Butterflies are known to be highly sensitive to climate change [6] and recent studies prove that they react faster than other groups such as birds [13]. A reason for this is because butterflies have relatively short generation times and are ectothermic organisms, meaning that their population dynamics may respond to temperature changes more directly and more rapidly [14]. Butterflies are among the most well-studied taxa in Europe, benefiting from a detailed dataset including relatively fine-resolution information on species’ distributions and abundance [14], but they are still far less studied than vertebrates, although the latter comprise only a small fraction of global biodiversity. While further increases in the earth’s temperature are anticipated [15] and are expected to lead to serious changes in diversity patterns worldwide, empirical evidence for such changes is still scarce for the Mediterranean biome [16] compared to temperate latitudes. Some evidence that the species composition of Mediterranean butterfly communities has not responded to climate warming as rapidly as expected based on the biogeographic associations of species [17] suggests that these communities may be comparatively resilient to climate change, but more research is needed to test this hypothesis. In addition, an urgent applied question related to climate-driven changes to ecological communities is whether European protected area networks may cease to be effective for conservation, if species are driven out of protected areas by climate warming [18]. So far, there is no empirical evidence on how climate change during the last decade has influenced species communities in Mediterranean nature reserves: precisely this kind of information is likely to be increasingly important for conservation planning in a global climate change scenario.

In this study, we assess if and how butterfly species richness and community composition have changed in response to climate change in the Greek nature reserve, Dadia-Leukimi-Soufli National Park. Greece is considered to be a biodiversity hotspot for butterflies, including more than 40% (234 species) of all European butterfly species (535) [19]. We selected Dadia-Leukimi-Soufli National Park (Dadia NP hereafter) as our study area, because its long conservation history has limited the scale of land use changes [20], and so differences in species composition can reasonably be attributed to factors other than land use change. In the case of Dadia NP, it has been acknowledged that in the absence of traditional activities (such as logging, livestock grazing), especially in the strictly protected core areas, forest encroachment at the expense of clearings and grasslands would have a negative impact on biodiversity, and particularly on species associated with open habitats [21], [22]. Thus, the Specific Forest Management Plan of Dadia NP [23] considers the importance of landscape heterogeneity and open habitats, allowing controlled wood-cutting and grazing within the core areas. As a result, two of the most influential factors in the composition of butterfly communities, the intensity of livestock grazing and logging [24], [25], [26] have remained quite stable over the last decade (D. Vassilakis, Soufli Forest Department, pers comm). Moreover, preliminary data of an ongoing study on land cover changes in Dadia NP shows that forest cover remained quite consistent (72–74%) from 2001 to 2011 (K. Poirazidis, WWF Greece and P. Xofis, Inforest, unpublished data), implying that forest encroachment has been minimal during the period of study.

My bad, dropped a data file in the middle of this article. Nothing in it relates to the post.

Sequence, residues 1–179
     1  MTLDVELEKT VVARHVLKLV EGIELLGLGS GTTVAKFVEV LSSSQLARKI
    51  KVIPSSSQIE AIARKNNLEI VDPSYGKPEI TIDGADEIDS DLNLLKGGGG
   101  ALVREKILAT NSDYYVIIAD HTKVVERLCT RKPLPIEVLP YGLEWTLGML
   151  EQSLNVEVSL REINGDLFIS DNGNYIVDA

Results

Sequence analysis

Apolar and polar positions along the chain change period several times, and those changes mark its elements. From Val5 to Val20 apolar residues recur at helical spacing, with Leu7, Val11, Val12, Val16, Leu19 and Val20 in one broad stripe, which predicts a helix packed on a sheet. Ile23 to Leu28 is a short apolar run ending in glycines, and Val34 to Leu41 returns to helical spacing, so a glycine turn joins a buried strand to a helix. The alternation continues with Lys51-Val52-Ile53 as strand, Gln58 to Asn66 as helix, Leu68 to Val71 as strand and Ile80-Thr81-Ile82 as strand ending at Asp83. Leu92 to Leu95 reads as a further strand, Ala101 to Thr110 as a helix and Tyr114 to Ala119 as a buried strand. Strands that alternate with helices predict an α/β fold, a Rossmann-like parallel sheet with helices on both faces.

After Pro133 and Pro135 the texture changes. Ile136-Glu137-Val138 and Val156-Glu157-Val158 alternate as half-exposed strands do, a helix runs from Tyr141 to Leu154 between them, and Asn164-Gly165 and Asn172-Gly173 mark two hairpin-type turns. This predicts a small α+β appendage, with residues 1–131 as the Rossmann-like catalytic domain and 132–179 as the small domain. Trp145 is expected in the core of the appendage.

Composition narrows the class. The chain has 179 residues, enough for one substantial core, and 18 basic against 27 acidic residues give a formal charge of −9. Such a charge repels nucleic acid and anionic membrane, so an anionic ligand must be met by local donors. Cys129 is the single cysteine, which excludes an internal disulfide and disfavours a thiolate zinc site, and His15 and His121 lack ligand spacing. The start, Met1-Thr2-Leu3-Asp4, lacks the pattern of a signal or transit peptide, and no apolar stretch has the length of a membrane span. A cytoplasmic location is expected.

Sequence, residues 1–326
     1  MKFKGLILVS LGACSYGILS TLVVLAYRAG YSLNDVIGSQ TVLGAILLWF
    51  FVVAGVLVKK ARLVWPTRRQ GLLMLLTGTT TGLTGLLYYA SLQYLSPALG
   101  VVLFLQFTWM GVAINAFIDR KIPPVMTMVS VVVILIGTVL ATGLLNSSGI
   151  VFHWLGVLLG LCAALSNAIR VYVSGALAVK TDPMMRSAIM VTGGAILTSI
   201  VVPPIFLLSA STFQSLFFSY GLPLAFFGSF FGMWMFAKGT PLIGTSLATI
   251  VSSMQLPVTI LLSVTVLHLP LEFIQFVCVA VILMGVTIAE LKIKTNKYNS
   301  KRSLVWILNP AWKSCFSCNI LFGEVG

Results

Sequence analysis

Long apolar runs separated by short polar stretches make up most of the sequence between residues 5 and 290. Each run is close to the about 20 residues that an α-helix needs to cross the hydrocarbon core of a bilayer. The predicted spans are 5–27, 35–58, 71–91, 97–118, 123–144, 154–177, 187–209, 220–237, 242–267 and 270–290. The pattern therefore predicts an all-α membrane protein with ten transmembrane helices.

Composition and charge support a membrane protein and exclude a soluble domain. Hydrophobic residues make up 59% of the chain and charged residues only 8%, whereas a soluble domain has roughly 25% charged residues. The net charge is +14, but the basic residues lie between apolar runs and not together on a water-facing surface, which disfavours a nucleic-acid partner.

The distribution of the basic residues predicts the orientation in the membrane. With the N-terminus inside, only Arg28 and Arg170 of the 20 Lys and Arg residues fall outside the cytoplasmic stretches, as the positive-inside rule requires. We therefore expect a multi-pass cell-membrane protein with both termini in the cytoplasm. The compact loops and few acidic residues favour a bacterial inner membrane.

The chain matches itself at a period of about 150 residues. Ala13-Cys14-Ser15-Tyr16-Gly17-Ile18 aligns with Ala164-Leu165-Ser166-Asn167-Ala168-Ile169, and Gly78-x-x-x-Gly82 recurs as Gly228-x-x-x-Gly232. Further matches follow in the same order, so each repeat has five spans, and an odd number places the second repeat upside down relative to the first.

Sampling of butterfly communities was conducted in 2011 and 2012 and results were compared to an earlier study we carried out in 1998 [24]. The present paper is the first comparative study of community composition turnover in the light of climate change in Greece and the Balkan region. We investigate (a) if mean annual temperatures in the study area have increased since the 1990s and (b) if butterfly community composition and species richness have changed across a thirteen year period as a response to climate warming in a protected area, which is largely free of major changes to land use. Finally, we discuss how to implement our findings in a tangible conservation context for nature reserve management.